Englewood Cliffs, NJ: Prentice Hall (ISBN 0-13--617549-X). xvi, 846 p. (1993).

Among all topics covered in operations research, network flows theory offers the best context to illustrate the basic concepts of optimization. This book provides an integrative view of the theory, algorithms and applications of network flows. In order for their presentation to be more intuitive and accessible to a wider audience, the authors prefer to adopt a network or graphical viewpoint rather than relying on a linear programming approach. The material in this book can be used to serve the purpose of supplementing either an upper level undergraduate or graduate course. The main features of the book are well outlined in the authors’ preface as follows: “In-depth and self-contained treatment of shortest path, maximum flow, and minimum cost flow problems, including descriptions of new and novel polynomial-time algorithms for these core models. Emphasis on powerful algorithmic strategies and analysis tools, such as data scaling, geometric improvement arguments, and potential function arguments. An easy-to-understand description of several important data structures, including $d$-heaps, Fibonacci heaps, and dynamic trees. Treatment of other important topics in network optimization and of practical solution techniques such as Lagrangian relaxation. Each new topic introduced by a set of applications and an entire chapter devoted to applications. A special chapter devoted to conducting empirical testing of algorithms. Over 150 applications of network flows to a variety of engineering, management, and scientific domains. Over 800 exercises that vary in difficulty, including many that develop extensions of material covered in the text. Approximately 400 figures that illustrate the material presented in the text. Extensive reference notes that provide readers with historical contexts and with guides to the literature.” In addition to the in-depth analysis of shortest path, maximum flow, minimum cost flow problems, the authors devote several other chapters to more advanced topics such as assignments and matchings, minimum spanning trees, convex cost flows, generalized flows and multicommodity flows. Furthermore, emphasis is put on design, analysis and computation testing of algorithms. Finally, pseudocodes for several algorithms are provided for readers with a basic knowledge of computer science.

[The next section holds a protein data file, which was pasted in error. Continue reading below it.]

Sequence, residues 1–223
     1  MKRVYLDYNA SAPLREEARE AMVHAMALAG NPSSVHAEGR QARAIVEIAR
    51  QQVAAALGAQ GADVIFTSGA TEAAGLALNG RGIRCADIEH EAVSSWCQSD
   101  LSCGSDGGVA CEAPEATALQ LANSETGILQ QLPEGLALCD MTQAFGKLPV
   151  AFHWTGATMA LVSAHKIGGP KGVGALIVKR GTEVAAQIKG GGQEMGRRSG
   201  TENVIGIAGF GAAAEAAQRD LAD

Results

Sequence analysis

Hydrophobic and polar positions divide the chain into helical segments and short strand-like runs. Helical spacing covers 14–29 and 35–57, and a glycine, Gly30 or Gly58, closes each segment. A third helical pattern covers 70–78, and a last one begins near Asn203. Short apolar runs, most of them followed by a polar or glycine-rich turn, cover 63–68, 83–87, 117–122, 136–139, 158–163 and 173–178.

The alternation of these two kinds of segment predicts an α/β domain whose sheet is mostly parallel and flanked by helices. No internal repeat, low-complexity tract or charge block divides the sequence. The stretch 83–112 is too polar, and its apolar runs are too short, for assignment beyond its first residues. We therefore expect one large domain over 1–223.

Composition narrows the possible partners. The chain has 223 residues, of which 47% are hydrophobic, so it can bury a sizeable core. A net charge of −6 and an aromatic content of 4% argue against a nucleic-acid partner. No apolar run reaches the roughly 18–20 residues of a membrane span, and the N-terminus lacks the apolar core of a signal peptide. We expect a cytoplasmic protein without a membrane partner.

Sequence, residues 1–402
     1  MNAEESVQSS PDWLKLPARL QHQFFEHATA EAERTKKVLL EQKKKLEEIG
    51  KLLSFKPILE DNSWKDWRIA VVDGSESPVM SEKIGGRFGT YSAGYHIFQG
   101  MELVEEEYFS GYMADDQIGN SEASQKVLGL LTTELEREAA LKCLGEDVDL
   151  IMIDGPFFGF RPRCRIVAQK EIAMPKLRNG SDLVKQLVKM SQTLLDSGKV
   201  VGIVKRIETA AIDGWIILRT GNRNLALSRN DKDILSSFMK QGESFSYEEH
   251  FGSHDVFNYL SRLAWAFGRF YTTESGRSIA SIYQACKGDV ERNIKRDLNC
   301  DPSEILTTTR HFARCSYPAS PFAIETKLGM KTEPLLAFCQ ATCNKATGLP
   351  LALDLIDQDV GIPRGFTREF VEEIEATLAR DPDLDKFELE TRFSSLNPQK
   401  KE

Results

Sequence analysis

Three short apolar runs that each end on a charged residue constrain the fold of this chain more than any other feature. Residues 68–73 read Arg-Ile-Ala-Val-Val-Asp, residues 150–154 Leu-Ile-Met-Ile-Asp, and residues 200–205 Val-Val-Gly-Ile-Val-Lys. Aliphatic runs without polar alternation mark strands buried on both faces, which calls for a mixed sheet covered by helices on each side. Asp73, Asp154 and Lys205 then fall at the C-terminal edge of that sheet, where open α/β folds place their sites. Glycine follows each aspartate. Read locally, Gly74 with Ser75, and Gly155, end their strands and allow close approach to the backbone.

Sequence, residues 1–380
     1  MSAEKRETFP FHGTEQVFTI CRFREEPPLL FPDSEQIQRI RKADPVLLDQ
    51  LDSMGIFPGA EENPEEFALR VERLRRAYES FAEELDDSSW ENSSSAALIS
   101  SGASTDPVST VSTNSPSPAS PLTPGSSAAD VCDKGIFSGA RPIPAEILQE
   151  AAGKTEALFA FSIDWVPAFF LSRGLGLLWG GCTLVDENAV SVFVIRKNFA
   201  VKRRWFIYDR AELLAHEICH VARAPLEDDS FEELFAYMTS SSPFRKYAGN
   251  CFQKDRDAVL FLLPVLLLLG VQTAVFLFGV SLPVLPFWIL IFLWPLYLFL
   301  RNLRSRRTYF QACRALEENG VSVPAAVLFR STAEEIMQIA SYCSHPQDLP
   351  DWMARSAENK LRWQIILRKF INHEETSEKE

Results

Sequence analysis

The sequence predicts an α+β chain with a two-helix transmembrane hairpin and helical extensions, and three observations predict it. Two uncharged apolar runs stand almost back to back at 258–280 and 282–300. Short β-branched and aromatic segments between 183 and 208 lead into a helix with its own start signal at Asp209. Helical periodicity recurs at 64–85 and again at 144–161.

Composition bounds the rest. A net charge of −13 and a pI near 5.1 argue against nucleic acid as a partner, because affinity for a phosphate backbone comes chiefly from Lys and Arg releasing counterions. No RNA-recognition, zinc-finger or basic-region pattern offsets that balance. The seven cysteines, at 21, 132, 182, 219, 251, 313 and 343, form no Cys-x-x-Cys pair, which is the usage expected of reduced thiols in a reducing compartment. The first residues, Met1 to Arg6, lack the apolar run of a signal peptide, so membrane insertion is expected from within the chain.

Reviewer: Jacques A. Ferland (MR1205775)